Grand Theft Auto Online, developed by Take-Two subsidiary Rockstar Games

What do you call it when a video game is full of items or services that you can buy with real money? Is it ā€œgames as a serviceā€? ā€œRecurrent consumer spending opportunitiesā€? Or maybe PRI (Player Recurring Investment)?

Yesterday, publishers Ubisoft and Take-Two held quarterly financial earnings calls, which gives us a good opportunity to peek into the minds of the folks in charge of both companies. It may not surprise you to hear that their priority, like other big publishers, is to get people spending more than $60 per video game.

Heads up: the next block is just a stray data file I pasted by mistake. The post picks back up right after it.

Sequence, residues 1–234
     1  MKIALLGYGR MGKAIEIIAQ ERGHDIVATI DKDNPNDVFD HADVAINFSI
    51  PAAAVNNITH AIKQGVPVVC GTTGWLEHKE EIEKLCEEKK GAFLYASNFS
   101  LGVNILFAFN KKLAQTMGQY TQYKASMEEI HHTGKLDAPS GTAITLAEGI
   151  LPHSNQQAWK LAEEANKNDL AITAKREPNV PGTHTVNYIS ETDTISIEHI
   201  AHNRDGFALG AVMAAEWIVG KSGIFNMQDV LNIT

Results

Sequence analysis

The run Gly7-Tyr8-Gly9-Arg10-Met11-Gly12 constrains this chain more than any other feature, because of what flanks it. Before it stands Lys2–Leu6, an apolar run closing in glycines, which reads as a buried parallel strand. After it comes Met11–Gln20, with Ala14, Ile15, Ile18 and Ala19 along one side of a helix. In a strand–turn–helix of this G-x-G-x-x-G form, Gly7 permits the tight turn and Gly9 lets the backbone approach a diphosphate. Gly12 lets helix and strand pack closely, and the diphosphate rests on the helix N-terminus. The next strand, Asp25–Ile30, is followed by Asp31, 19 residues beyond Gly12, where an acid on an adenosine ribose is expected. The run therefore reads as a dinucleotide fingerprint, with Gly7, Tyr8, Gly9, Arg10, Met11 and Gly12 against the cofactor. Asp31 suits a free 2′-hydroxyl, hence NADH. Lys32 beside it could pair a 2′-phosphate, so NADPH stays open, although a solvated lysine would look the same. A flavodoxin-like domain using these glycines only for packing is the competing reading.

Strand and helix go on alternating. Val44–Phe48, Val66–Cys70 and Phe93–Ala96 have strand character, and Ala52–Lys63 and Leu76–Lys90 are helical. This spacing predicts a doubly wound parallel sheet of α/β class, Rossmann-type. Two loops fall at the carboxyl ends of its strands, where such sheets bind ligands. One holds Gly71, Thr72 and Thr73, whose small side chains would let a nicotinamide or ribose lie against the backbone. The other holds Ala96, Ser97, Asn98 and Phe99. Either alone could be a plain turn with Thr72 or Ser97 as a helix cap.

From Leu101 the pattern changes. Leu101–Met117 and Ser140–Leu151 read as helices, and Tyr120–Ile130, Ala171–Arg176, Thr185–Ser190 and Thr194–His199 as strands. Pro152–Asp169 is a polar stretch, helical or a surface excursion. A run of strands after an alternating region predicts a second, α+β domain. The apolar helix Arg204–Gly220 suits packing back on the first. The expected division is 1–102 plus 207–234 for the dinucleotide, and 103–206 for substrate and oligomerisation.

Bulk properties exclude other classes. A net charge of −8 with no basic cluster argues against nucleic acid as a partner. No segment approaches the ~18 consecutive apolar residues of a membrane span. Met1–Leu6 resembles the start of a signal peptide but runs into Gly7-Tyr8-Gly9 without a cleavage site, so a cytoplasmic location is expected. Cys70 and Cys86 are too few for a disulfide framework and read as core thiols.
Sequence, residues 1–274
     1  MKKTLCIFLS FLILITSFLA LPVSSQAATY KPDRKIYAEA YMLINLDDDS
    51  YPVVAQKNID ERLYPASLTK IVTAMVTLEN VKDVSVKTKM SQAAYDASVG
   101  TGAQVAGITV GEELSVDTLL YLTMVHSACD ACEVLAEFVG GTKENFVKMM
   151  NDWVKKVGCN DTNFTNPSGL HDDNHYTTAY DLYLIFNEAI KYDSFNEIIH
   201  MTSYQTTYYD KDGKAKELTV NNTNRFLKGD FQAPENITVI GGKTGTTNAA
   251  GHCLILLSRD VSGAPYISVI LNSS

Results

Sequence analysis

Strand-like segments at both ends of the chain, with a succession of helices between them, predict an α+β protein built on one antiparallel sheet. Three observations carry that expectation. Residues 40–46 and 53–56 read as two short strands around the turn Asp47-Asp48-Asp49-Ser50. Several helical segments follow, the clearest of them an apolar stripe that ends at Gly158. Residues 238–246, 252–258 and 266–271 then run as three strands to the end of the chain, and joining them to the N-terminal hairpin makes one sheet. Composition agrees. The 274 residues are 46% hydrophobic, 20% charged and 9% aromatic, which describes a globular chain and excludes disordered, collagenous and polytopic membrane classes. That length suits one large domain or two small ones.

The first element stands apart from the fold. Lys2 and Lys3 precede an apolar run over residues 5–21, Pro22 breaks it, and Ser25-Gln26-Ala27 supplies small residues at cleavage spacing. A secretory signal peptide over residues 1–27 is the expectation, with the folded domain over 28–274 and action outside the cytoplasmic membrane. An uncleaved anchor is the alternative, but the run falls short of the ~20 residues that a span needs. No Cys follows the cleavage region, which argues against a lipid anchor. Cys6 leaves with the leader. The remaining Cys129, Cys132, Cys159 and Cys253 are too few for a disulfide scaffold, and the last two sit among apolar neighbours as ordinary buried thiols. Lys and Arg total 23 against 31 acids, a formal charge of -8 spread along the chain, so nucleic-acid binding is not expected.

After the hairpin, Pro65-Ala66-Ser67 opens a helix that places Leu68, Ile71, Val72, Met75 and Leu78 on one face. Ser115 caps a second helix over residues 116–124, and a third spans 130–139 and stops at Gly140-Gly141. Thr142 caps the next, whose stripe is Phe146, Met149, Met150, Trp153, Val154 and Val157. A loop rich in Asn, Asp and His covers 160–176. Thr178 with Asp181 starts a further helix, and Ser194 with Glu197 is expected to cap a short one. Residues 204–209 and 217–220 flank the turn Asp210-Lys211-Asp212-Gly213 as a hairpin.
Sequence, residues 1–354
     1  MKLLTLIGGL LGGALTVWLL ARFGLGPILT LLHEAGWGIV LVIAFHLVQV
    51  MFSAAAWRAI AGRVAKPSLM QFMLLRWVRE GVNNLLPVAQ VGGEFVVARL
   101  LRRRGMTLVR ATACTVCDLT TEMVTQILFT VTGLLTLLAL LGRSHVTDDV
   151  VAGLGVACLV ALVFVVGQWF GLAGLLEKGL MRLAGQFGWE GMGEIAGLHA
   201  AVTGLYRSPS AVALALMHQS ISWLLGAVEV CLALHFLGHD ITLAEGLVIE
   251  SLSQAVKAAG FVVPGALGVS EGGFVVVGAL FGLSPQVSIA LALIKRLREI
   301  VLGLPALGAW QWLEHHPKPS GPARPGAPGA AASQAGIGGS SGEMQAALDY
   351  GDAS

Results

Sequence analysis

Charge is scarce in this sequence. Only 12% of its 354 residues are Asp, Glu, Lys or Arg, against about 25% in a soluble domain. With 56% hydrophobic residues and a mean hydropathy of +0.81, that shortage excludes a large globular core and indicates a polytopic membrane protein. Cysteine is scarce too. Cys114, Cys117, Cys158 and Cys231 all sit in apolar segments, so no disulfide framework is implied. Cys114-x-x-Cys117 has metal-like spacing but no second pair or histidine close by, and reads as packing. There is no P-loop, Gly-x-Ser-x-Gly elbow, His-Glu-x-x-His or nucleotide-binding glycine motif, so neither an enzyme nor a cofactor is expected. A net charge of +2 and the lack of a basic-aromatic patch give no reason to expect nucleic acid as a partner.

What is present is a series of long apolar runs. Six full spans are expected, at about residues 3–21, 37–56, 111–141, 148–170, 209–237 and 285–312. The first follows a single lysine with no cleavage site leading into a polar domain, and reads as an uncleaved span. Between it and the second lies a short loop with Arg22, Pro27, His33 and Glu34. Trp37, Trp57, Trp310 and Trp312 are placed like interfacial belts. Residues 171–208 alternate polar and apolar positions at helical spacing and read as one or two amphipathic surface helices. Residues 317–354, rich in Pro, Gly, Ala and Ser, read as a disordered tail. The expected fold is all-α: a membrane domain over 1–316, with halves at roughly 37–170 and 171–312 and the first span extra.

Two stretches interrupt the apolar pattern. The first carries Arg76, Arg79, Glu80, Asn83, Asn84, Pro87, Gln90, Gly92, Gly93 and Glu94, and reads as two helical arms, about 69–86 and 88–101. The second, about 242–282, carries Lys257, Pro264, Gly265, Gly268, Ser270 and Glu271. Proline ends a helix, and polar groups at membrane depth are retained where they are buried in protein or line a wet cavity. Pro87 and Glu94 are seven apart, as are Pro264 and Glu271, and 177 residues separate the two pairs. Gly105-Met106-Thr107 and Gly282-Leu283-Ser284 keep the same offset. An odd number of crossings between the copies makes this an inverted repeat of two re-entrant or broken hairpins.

Hereā€™s Strauss Zelnick, the CEO of Take-Two, which owns Rockstar (Grand Theft Auto V) and 2K Games (Bioshock, Borderlands, NBA 2K) (h/t Gamasutra):

ā€œWeā€™ve said that we aim to have recurrent consumer spending opportunities for every title that we put out at this company. It may not always be an online model and it probably wonā€™t always be a virtual currency model, but there will be some ability to engage in an ongoing basis with our titles after release across the board.ā€

Advertisement

Does this mean the next Bioshock will have plasmid loot crates and ā€œBoth Sides Are Badā€ downloadable content? Probably!!!

Ubisoft, meanwhile, calls it Player Recurring Investment, and itā€™s whatā€™s now making up over 50% of the publisherā€™s digital revenue:

Via Ubisoft earnings slideshow

Advertisement

Thereā€™s a simple truth in this slide, and itā€™s one that many Kotaku readers might find unsettling: Microtransactions are huge because people are spending money on them. And theyā€™re only getting bigger.